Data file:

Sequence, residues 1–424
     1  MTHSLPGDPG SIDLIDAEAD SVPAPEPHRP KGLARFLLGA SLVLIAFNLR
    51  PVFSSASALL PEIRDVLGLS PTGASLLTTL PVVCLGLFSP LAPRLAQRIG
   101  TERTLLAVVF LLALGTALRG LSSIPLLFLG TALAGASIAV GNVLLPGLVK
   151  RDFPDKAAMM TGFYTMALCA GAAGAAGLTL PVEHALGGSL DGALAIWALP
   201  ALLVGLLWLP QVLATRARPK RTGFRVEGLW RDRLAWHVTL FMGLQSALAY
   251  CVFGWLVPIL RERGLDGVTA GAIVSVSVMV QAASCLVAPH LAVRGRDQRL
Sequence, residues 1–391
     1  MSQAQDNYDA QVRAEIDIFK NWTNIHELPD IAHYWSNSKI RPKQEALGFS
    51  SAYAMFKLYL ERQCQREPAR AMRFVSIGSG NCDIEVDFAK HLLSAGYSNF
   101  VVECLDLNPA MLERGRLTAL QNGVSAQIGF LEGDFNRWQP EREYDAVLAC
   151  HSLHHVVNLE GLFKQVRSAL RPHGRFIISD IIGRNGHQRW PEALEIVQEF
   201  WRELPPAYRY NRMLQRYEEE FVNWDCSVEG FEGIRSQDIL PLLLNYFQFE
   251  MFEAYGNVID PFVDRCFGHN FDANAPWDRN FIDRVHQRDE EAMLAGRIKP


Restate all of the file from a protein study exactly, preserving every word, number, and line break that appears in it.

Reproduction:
Sequence, residues 1–424
     1  MTHSLPGDPG SIDLIDAEAD SVPAPEPHRP KGLARFLLGA SLVLIAFNLR
    51  PVFSSASALL PEIRDVLGLS PTGASLLTTL PVVCLGLFSP LAPRLAQRIG
   101  TERTLLAVVF LLALGTALRG LSSIPLLFLG TALAGASIAV GNVLLPGLVK
   151  RDFPDKAAMM TGFYTMALCA GAAGAAGLTL PVEHALGGSL DGALAIWALP
   201  ALLVGLLWLP QVLATRARPK RTGFRVEGLW RDRLAWHVTL FMGLQSALAY
   251  CVFGWLVPIL RERGLDGVTA GAIVSVSVMV QAASCLVAPH LAVRGRDQRL
Sequence, residues 1–391
     1  MSQAQDNYDA QVRAEIDIFK NWTNIHELPD IAHYWSNSKI RPKQEALGFS
    51  SAYAMFKLYL ERQCQREPAR AMRFVSIGSG NCDIEVDFAK HLLSAGYSNF
   101  VVECLDLNPA MLERGRLTAL QNGVSAQIGF LEGDFNRWQP EREYDAVLAC
   151  HSLHHVVNLE GLFKQVRSAL RPHGRFIISD IIGRNGHQRW PEALEIVQEF
   201  WRELPPAYRY NRMLQRYEEE FVNWDCSVEG FEGIRSQDIL PLLLNYFQFE
   251  MFEAYGNVID PFVDRCFGHN FDANAPWDRN FIDRVHQRDE EAMLAGRIKP